There was life before Jake just as there was life before Jeni.
Life wasn’t better and it wasn’t particularly worse. It was just different. I found joys in my single life just as I do in the married.
These were the years I lived in little apartments around the Uptown neighborhoods of Minneapolis. I didn’t have cable television and I didn’t have internet. I ran two and a half miles every day and biked to the Rainbow grocery store on Lake Street. These were the years that I read my favorite food blogs but was too afraid to write my own. I entertained myself by renting books and DVDs from the library and had wonderful friends just as I do now, though some are different.
I only drank alcohol when I found myself at happy hours and never desired coffee. In fact, I didn’t even own a coffee maker back then. I definitely can’t say the same to either of these things today. Leftovers used to last a lot longer and now I measure a meal’s success by the lack therof.
Although I don’t regret my online dating experience, I don’t miss the stress of first dates, “defining the relationship,” and subsequent break-ups. But like any other experience that’s involved some degree of risk, I grew-up a little and got some really fantastic stories that seem much funnier in hindsight than they did at the time.
One story involves a particular ex-boyfriend. He was one of the only culinary-minded individuals I dated and prepared his signature dish on numerous occasions. Actually, it was his only dish, but fortunately it was good. He pan-seared tilapia and served it on top of salty quinoa cooked in a rice cooker with chicken stock, and sprinkled with diced, crisp sweet bell pepper.
Although that relationship headed south for the winter, I’ve added my own twists to the quinoa over the years. Now, I have a salad that I can eat for days at a time without tiring. It’s a little bit salty, a little sweet, and completely fresh. Try it and add your own twists.
Quinoa Salad With Bell Peppers, Currants & Feta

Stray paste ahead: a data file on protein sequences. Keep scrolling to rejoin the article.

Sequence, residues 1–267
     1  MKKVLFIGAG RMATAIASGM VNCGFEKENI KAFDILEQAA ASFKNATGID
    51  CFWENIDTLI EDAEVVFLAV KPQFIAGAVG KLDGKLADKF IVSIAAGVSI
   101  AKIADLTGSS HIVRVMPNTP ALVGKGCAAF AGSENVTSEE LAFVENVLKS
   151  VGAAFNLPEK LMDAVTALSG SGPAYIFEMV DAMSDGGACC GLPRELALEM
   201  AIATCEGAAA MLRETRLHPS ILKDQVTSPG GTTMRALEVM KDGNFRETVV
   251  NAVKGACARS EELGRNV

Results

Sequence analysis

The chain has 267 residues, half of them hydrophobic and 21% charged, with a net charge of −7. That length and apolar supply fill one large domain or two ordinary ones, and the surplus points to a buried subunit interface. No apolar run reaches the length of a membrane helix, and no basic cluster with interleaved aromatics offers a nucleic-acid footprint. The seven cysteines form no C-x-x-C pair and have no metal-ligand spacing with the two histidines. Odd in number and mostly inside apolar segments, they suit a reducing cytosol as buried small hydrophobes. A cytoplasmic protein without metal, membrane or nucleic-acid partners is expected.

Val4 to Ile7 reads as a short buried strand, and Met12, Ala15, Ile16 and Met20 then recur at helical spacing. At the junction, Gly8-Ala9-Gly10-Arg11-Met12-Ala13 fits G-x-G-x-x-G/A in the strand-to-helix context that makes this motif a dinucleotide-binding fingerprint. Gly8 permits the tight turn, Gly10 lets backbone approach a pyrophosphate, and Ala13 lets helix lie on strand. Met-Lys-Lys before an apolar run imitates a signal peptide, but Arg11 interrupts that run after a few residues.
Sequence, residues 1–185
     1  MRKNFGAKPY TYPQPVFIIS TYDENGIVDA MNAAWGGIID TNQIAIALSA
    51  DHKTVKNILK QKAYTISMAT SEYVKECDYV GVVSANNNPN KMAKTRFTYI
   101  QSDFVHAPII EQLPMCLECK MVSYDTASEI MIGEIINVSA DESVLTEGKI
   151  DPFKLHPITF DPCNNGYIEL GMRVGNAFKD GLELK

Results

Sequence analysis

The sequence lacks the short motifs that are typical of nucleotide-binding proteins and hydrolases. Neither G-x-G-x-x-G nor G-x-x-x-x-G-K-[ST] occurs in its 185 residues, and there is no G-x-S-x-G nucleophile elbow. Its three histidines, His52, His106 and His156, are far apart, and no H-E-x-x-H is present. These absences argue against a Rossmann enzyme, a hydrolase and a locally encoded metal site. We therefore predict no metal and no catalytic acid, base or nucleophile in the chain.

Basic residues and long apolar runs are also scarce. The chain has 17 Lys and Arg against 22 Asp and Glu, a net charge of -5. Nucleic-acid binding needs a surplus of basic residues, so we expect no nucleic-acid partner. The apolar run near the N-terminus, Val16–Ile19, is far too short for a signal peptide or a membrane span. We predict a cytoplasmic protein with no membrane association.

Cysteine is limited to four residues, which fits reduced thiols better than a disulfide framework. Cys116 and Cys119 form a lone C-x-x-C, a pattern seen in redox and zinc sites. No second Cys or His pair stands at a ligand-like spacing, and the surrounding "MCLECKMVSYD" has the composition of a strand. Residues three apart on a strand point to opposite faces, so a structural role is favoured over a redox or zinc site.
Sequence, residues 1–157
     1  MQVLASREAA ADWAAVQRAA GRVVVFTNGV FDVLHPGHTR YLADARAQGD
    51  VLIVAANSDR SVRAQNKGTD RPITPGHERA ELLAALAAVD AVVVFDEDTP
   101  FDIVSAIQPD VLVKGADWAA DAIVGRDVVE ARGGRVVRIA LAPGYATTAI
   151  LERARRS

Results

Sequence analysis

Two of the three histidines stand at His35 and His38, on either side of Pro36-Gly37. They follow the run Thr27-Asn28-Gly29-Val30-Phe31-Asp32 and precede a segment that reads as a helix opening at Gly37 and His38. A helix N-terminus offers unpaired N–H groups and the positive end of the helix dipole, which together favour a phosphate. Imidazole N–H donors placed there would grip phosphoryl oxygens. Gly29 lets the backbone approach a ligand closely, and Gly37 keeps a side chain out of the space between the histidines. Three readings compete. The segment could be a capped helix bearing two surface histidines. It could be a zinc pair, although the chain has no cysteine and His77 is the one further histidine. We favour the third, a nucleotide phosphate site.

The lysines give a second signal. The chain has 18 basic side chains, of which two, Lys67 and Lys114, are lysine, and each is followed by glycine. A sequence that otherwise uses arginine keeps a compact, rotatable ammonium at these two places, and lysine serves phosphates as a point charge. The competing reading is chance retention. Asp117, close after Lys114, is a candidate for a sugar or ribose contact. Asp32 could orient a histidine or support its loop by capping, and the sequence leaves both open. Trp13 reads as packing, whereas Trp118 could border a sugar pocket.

A Cook’s Notes: You can find quinoa in the bulk bin area of your grocery store. It’s much cheaper than purchasing it by the package. Plus, you can scoop out exactly what you want so it doesn’t go stale. Quinoa grains are coated in saponins, a naturally bitter coating that repels pests. Rinse it in a fine mesh strainer, unless you buy a package that says it’s pre-rinsed.
The same applies to feta. Grocery stores sell packaged feta in their cheese sections, but some also sell less expensive blocks of feta in bulk, priced per pound. French sheep’s milk feta is my favorite. It’s silky and creamy and lacks the bracingly salty bite. I used to buy French sheep’s milk feta at Holy Land Deli in Minneapolis, MN.
Quinoa, about a cup
Bell peppers, diced
Green onion, thinly sliced
Your favorite vinegar (I used red wine vinegar, but have also used champagne and white balsamic vinegars)
Feta cheese, diced into small cubes.
Currants (or any other dried fruit cut into small pieces like craisins or dates)
To cook the quinoa:
- Rinse quinoa in fine mesh strainer and shake off the excess water
- Place quinoa in saucepan and add twice as much water. Bring to a boil. Add a dash of salt, stir, and reduce heat to low.
- Cover and steam until the water is absorbed and the quinoa is tender.
- Spread the quinoa on a sheet pan or baking dish and cool in the freezer while you chop and dice the vegetables and cheese.
- Add as much diced bell pepper to the quinoa as you’d like. I added about half a yellow and half a red bell pepper.
- Add green onion. I like a lot of onion flavor so I added several.
- Sprinkle in a good handful of currants for sweetness.
- Toss in diced feta, adding just enough to get a salty note in each bite.
- Toss the salad with fresh lemon juice and a couple drizzles of olive oil. For additional tartness, add more lemon or your favorite vinegar.
- Season with additional salt if needed and black pepper.